Between two Skies
In a seminal update to current trade mark law, the Court of Justice of the European Union (CJEU) has recently issued its judgment in the long running case of Sky v Skykick which could have significant implications for trade mark practice in both the UK and EU.
By way of background, Skykick is a rapidly growing US company that provides global cloud management software for IT service providers. Sky is a household name which provides television and broadband services which will be familiar to the majority of our readers.
Sky owns a host of trade marks for the word “SKY” covering a broad spectrum of goods and services throughout the world. In proceedings that were originally brought before the UK High Court in 2016, Sky alleged that use of the name “Skykick” infringed four of its EU trade marks and one of its UK marks and that Skykick was also guilty of passing off (essentially taking unfair advantage of Sky’s reputation). Skykick in turn counterclaimed that Sky’s trade marks were so wide ranging as to effectively hamper competition and thus to have been made in bad faith.
The initial judgment
Mr Justice Arnold (the judge in the English proceedings) held that there was a likelihood for confusion between the two companies given the cross-over between goods and services being offered. However, he caveated that this would only translate into actual infringement of Sky’s marks if they were valid in the first place (i.e. having not been filed so broadly as to constitute bad faith). He subsequently referred the case to the CJEU for guidance on a number of issues.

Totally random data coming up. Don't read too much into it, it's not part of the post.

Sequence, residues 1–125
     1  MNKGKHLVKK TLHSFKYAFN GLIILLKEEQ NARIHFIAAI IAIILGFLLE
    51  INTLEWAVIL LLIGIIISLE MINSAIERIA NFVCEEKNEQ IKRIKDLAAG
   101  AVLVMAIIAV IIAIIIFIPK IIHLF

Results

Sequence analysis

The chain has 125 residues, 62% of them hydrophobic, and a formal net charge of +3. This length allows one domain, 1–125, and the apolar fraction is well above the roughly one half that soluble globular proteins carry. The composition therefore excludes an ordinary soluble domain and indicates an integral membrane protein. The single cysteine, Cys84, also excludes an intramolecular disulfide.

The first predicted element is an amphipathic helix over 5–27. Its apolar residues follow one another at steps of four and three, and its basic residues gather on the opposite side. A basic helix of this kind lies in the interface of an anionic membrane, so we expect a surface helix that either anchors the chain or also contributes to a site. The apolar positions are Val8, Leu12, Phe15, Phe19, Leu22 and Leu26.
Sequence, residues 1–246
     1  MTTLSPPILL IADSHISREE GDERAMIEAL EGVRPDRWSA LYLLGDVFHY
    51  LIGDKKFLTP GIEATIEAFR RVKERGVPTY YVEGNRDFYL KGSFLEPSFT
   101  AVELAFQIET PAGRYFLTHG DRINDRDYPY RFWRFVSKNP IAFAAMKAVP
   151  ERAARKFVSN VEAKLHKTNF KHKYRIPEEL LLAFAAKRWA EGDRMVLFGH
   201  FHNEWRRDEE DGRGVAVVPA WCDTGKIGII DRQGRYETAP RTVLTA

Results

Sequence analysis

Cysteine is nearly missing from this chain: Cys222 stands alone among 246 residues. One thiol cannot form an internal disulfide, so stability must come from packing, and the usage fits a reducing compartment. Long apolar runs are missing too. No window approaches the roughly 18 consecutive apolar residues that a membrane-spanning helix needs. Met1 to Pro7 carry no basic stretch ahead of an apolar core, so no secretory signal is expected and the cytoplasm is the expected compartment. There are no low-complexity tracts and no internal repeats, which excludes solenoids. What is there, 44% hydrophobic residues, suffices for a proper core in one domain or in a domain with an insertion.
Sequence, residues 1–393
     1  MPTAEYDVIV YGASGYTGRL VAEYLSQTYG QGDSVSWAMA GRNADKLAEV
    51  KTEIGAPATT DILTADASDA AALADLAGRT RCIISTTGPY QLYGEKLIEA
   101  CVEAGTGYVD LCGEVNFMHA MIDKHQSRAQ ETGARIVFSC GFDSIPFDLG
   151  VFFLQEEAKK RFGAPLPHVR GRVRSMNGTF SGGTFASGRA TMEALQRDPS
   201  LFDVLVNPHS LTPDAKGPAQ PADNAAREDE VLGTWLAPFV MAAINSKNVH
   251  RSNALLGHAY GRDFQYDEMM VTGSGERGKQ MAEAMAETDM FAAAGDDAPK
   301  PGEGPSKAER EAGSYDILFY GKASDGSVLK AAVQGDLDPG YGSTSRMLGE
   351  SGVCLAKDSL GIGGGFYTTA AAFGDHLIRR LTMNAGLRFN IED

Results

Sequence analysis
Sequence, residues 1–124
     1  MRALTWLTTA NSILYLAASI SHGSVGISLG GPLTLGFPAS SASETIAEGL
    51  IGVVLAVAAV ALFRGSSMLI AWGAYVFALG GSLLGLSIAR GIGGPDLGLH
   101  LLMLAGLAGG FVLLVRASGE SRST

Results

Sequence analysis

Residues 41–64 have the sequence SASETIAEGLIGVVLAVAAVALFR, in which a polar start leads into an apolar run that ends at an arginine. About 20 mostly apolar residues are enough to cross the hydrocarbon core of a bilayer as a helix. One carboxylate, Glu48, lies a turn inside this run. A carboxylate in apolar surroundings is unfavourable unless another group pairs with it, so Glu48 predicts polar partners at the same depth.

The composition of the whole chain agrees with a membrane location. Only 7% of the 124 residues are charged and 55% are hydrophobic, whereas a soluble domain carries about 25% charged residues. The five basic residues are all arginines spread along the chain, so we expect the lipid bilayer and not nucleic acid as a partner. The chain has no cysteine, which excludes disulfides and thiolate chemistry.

The CJEU judgement
The CJEU was asked for guidance on the following issues:
1. Can a trade mark be revoked if its specification lacks clarity or precision?
2. If so, do general terms like “computer software” fall foul of the above?
3. Does it constitute bad faith to register a trademark without intention to use it?
In its decision dated 29 January 2020, the CJEU answered definitively ‘no’ in terms of questions 1 and 2. In question 3 meanwhile, the answer was ‘maybe’: dependant on whether the applicant intentionally wanted to undermine the legitimate interests of third parties.
The final ruling
The case was passed back to the English Court to determine and on 29 April 2020 it gave its ruling. In light of the CJEU judgement, the Court ruled that Sky had originally applied to register its trade marks in bad faith because it had tried to use them “purely as a legal weapon against third parties”. The court accordingly limited the specifications to much narrower terms which it judged they should have been to begin with. Nonetheless, luckily for Sky, these newly limited terms were still sufficient to find infringement on the part of Skykick.
This case goes to show the importance of careful drafting in the selection of goods and services in your trade mark application from the outset. Whilst Sky was still able to achieve a finding of infringement, this comes at the end of a very long drawn out process which should hopefully be able to avoided by more tailored drafting in the future.
Here at Briffa, the team benefits from over 25 years’ experience filing in nearly every jurisdiction in the world and we are able to assist in all aspects of the trade mark process from initial filing to registration. If you need any further information in this regard please do feel free to get in contact with us on [email protected]
Written by Tom Synott, Solicitor